I invite you to read Belinda’s powerful post about the Lord’s love.
At the start of each new year, I find myself amazed–and amused–at the level of attention that we often place on new year’s resolutions. It would seem to be that somehow with that particular turning of the clock, we feel the need to “get it right.” Yet, by mid-year (exactly where we are as I write), I know personally that I begin to spend time dreading those things that I didn’t pay attention to, and settling into the reality that my break is quickly coming to a serious halt. I choose to stop short of a pity party; otherwise, it would be easy to beat myself up for all of those lacks of accomplishment.
One of the reasons I made a conscious decision to stop with all of the hullabaloo, so to speak, of resolutions was because I found myself almost too focused on me–my weight, my time, my goals, etc. This whole thinking process of what I will do for me has unintentionally become a common thread throughout many areas of my life. One of the few downsides of homeschooling, at least for me, is the isolation as a teacher and mother. Don’t get me wrong; as an introvert, I love to spend time alone. Yet, it is so very easy for me to get focused in on my kids, my plans, my schedule, my needs, my wants, my, my, my…If I’m not careful, all the needs that come my way, all the prayer requests that come to my e-mail, and all the opportunities to bless someone else somehow get subjected to what is going on for me at the time.
God so loved that He gave. I have heard this paraphrase of John 3:16 repeated often as part of a sermon on the importance of tithes and offerings. However, the words have come to life for me in an altogether different way.
If I am to live out the power of John 3:16 in my own life, I must embrace servant-leadership, and the idea of increasingly ministering to someone else as a part of my own spiritual growth. So I make a special effort to remember people as I pray (rather than just the needs of my family), and to step outside of my agenda and be sure that I check on people, and that I smile at people. I make a point to hug and to be an encourager, especially when a kind word might seem odd or artificial.
The Lord [Jesus] tells us in no uncertain terms that we will each give an account of what we did with what He granted us while we were here on earth. You might be familiar with the parable of the talents. One man was given ten talents, one man was given five; each of them multiplied what they had, and the Master said to each man,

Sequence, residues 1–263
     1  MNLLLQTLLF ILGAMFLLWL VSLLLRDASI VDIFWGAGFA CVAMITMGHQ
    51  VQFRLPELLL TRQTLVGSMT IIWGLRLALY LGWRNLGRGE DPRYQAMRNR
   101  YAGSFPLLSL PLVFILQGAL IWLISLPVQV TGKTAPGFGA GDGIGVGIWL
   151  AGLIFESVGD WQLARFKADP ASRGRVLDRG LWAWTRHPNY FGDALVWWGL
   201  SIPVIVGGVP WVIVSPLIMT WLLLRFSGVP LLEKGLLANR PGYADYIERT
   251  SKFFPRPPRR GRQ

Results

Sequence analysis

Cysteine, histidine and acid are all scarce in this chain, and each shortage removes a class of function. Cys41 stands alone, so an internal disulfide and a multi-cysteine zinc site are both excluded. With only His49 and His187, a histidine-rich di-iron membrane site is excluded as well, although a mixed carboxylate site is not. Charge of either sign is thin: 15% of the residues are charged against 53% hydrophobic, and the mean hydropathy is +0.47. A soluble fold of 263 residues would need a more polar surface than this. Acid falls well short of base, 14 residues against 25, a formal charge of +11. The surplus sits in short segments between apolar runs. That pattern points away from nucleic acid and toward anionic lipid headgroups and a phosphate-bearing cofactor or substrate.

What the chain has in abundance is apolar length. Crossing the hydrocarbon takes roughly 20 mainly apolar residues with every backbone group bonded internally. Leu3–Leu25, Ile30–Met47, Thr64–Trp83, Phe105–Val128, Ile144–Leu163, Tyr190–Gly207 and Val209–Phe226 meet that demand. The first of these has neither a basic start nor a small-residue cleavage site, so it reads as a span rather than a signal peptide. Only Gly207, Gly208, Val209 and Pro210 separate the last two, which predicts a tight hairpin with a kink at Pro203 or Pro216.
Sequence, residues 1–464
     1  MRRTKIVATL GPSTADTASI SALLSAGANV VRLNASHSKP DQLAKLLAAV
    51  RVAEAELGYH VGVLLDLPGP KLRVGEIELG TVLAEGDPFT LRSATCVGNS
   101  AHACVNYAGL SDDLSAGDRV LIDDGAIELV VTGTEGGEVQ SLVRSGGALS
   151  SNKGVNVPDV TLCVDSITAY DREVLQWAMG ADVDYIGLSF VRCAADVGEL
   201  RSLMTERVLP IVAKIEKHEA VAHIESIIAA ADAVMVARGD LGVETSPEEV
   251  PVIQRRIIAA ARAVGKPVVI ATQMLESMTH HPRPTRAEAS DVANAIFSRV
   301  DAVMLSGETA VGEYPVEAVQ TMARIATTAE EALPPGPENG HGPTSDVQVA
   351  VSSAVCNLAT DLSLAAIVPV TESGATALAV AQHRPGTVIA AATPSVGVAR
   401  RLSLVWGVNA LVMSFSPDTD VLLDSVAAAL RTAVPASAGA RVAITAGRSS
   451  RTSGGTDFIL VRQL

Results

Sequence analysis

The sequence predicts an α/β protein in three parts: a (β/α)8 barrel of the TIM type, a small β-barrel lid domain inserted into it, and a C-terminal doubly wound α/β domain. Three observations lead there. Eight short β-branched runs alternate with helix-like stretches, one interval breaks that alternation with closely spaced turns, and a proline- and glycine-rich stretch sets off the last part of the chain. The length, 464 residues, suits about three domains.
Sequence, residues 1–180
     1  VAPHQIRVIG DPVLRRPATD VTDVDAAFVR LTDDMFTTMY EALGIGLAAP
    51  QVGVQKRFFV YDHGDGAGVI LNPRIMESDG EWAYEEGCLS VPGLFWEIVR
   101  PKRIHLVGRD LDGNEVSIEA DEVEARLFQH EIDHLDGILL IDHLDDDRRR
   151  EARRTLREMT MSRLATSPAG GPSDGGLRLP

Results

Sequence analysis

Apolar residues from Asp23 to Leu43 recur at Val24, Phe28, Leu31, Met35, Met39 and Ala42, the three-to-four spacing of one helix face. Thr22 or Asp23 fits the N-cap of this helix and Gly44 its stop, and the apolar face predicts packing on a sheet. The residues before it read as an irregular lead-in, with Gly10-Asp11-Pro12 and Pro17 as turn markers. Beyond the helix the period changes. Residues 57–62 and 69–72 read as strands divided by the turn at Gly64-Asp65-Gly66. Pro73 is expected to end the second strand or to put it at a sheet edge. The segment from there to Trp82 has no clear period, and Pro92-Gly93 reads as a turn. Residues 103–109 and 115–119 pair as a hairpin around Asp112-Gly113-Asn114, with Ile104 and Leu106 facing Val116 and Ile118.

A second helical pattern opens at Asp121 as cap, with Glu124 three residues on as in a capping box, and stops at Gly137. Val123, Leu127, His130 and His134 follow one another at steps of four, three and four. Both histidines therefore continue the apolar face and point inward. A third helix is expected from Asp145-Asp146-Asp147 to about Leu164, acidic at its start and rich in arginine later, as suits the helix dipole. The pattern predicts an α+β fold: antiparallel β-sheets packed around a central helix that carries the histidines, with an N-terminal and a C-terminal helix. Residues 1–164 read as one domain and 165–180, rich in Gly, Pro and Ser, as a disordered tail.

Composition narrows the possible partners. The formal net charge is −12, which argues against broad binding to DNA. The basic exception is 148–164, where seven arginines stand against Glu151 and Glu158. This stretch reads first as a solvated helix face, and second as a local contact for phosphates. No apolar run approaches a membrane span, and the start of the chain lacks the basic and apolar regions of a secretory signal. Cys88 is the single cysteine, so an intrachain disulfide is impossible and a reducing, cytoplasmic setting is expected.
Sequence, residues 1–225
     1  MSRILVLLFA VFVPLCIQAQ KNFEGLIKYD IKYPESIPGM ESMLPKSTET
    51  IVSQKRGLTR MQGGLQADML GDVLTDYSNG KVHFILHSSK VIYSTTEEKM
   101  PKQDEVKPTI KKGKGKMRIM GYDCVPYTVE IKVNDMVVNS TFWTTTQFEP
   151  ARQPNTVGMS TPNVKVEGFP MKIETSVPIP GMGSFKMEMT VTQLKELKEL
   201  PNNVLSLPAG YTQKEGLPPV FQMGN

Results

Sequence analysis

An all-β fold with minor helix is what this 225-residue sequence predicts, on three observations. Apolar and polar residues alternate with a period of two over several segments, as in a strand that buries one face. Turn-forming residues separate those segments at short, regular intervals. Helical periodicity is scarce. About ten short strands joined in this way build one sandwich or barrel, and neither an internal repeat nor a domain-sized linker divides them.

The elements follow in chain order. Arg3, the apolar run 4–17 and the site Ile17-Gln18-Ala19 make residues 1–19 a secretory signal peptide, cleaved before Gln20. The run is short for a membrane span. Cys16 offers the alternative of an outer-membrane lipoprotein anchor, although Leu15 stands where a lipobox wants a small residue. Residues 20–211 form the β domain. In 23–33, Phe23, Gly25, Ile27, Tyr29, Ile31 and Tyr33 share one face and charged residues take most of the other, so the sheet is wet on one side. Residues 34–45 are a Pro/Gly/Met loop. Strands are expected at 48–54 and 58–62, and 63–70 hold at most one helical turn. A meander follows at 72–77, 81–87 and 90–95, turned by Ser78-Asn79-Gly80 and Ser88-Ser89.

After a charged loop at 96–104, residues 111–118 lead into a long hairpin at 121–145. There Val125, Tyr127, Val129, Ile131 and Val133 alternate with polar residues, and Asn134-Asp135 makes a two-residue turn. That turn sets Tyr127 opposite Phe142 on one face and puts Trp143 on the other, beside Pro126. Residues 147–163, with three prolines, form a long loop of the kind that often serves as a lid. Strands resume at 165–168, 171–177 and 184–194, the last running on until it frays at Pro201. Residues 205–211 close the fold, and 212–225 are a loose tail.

‘Well done, good and faithful servant! You have been faithful with a few things; I will put you in charge of many things. Come and share your master’s happiness!’ Matthew 25:23
His message for the servant who bore no fruit from what he was given was very different:
Matthew 25: 26-30 ‘You wicked, lazy servant! So you knew that I harvest where I have not sown and gather where I have not scattered seed? Well then, you should have put my money on deposit with the bankers, so that when I returned I would have received it back with interest. So take the bag of gold from him and give it to the one who has ten bags. For whoever has will be given more, and they will have an abundance. Whoever does not have, even what they have will be taken from them. And throw that worthless servant outside, into the darkness, where there will be weeping and gnashing of teeth.’
Again, some sermons apply this concept to money, but I think there is larger heart lesson to be learned here. The latter servant had nothing to show for his time. He returned just as he left, like many of us whose life experience will be that we grew up, worked, paid bills, and died. Personally, I want to use my talent–even if I only receive one–to do something that has lasting impact. I want it to grow and bear fruit, and to leave someone else’s life changed as well. I want to share in my Master’s happiness by passing on what I have been given–the joy of a life with Christ.
God so loved that He gave. Lord, allow me to love on people such that I, too, can make You happy.
Belinda Bullard is a wife to her best friend and a home educating mother of three. Belinda is an author and the owner of A Blessed Heritage Educational Resources, a literature-based history curriculum featuring African-American presence in history, as well as the contributions of other races to American history. A chemical engineer by formal education, she also serves as adjunct faculty for college programs specializing in adult learning. She is a regular contributor to Heart of the Matter Online and Home Educating Family. Belinda blogs at Simply Belinda and Chronicles of a Blessed Heritage